giovanni salinas
Oct 7 · 4 min read

Entrepreneurs, hackers, and enthusiasts are developing original electronic products mounted on PCBs faster than ever…only to find out that there was one thing left behind — the enclosure.

What comes first — enclosure design or PCB design? It is a little bit of a chicken-and-egg dilemma. Electronics engineers have their own specs and components-related restrictions, while designers and manufacturers have user experience, ergonomics, visual identity, and manufacturability in mind. Ideally (and in a world where chaos is fostered), PCBs and enclosures are worked concurrently. Sometimes, manufacturing limitations determine shapes in the PCB, and sometimes specific PCB properties define aspects of the product design. The keyword here is communication.

I would recommend being as liberal as your budget permits when printing 3D samples and making and custom PCBs. Granted, you will end up with some useless prototypes, but it is much less waste than having a final product with a long list of “oh, I wish I had done this differently,” or worse, having to recall a batch. There are excellent tools to get you going in the prototyping phase of your project.

It is difficult to beat the cost of a Monoprice 3D printer, but if you do not have or do not want a 3D printer around, there are 3D printing bureaus everywhere, domestically and overseas that happily print models for you with great detail. PCBs can be made in the US as well, with services such as OSHPark.

Sourcing multiple electronic components at once can be done with Supplyframe’s Findchips, or through some resellers. Many components can be bought in small quantities as vendors recognize the need for testing. McMaster-Carr is an excellent resource with reliable specs and fast delivery.

Adding some aspects in advance to your enclosure design, and planning your PCBs for such elements — even if they are not made to the exact specification yet — make the transition to production much more manageable.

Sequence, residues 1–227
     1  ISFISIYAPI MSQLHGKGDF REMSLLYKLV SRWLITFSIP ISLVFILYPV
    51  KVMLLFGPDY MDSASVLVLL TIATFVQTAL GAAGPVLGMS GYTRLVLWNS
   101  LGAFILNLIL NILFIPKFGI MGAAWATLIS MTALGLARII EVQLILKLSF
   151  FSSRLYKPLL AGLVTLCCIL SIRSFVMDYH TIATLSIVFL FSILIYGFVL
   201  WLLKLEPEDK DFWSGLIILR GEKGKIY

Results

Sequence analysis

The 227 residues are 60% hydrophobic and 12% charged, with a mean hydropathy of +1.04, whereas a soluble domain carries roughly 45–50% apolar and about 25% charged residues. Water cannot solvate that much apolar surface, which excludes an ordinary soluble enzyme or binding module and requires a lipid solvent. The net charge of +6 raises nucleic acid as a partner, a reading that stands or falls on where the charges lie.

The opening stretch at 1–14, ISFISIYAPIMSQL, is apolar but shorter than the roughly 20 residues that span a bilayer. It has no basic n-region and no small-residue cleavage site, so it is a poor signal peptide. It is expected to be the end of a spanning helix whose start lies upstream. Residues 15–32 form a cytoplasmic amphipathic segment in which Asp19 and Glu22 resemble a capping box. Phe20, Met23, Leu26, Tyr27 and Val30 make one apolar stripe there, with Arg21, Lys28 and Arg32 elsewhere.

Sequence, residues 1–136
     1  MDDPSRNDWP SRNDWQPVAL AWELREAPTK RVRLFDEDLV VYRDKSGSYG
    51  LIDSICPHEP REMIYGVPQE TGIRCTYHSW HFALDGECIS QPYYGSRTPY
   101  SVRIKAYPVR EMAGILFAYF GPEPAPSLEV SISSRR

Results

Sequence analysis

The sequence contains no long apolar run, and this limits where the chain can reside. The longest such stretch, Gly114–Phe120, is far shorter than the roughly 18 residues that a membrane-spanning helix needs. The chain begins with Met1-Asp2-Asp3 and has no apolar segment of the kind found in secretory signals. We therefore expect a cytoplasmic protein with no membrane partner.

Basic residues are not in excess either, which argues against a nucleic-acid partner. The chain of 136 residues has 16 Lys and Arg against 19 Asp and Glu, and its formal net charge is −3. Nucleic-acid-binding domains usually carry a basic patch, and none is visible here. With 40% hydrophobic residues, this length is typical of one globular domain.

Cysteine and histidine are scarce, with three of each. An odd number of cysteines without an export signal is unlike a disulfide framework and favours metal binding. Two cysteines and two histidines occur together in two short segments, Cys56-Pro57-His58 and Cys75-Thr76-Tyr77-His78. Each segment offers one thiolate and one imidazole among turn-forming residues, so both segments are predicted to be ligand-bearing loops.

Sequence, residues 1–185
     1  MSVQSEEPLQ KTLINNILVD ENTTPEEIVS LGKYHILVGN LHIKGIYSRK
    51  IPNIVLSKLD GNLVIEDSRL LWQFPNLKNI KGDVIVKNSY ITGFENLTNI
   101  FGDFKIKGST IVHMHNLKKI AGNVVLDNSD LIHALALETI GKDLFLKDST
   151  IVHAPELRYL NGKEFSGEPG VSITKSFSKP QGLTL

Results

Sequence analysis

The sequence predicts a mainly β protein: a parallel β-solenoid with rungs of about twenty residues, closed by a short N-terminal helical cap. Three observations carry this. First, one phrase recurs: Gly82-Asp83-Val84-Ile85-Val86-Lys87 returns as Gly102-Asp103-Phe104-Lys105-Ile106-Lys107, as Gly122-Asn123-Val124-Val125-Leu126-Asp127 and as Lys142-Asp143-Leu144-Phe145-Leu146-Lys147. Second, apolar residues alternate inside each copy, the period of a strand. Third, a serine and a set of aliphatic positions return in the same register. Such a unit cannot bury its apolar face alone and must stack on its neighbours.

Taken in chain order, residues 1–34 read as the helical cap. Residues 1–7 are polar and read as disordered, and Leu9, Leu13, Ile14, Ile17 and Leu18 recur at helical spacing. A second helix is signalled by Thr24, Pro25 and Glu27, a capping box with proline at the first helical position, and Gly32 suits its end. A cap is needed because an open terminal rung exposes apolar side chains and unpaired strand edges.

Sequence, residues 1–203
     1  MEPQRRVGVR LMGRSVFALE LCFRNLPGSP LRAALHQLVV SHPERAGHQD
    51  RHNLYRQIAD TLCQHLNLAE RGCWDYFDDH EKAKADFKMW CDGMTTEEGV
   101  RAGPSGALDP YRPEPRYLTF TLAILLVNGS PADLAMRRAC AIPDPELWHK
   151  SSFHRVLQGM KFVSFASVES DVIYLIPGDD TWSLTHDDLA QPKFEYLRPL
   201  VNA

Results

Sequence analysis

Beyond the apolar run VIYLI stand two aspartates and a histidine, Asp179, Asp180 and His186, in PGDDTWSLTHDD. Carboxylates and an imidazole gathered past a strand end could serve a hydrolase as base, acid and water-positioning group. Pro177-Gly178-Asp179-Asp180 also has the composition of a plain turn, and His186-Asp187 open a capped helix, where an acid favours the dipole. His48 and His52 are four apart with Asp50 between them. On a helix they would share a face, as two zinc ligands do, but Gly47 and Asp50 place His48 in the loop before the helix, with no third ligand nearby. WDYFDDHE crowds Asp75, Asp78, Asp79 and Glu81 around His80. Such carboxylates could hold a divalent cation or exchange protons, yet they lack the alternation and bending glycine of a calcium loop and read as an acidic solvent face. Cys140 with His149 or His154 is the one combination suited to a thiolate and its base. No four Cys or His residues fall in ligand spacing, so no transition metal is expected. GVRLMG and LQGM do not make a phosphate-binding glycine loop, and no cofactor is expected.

Let’s review some of the most common things you find in plastic injection casings:

  • Bosses and assembly pins: This is where a screw or plastic pin goes through and assembles to the other side; this is how most enclosures are assembled.
  • PCB assembly pins or bosses: Just like the previous ones, but their function is to fix the PCB to one of the enclosure’s walls.
  • Snap fits are cantilever shaped beams that “hook” to a section of the opposite component. For mass production, these fits are relatively cheaper than using screws but are not a free pass by any means. They have to be precisely calculated, from entry and exit angle to deflection, torsion, shrinkage, and material mechanical properties. Indeed not a free pass.
  • Assembly recess: This is often overlooked, and it is quite important from a visual standpoint. You want a shadow effect that prevents the inside from being seen.
Clockwise from top left: Assembly bosses, PCB fixing bosses and windows, parting line/recess, cantilever snap fits.
  • Window: If the PCB has a display, it is imperative to know its orientation concerning the main PCB from the very beginning. Mold making is more straightforward if the screen is aligned perpendicular to the assembly pins (this is the case most of the time).
  • Sprue gate: This is where molten plastic enters the mold and starts shaping the product. It is unlikely that you will define its final design and location, but it is a good idea always to keep it in mind.
  • Structural ribs: Ribs are not always necessary, but they can add rigidity and prevent warping. The larger a part, the more likely they are necessary. Structural ribs are very useful when a product involves mechanical work. They are usually next to the walls or attached to long bosses.
  • Wall thickness: Plastic walls on average range from 0.05" to 0.13,” depending on the material, and function. Tip: grab a product with a similar function and measure the walls’ thickness to get an idea.
  • Parting lines: This is where different walls or sections of a product meet. The flatter parting lines are, and the more ejectable the part as a whole is, the cheaper a product will end up. Do not reject ideas just because they do not feature perfect parting lines, though it is always good to consider how the part will eject from the mold.

When prototyping enclosures, planning them with these features will make the transition to production much smoother and less expensive. When ready, it is still a good idea to consult with plastics professionals. Dealing with material mechanical properties, understanding mold manufacturing, and production requires a vast wealth of knowledge that ultimately leads to greater efficiency and cost optimization.

Supplyframe

Discussing the business of hardware and hardware manufacturing.

giovanni salinas

Written by

Product designer, maker. Based in Pasadena CA

Supplyframe

Discussing the business of hardware and hardware manufacturing.

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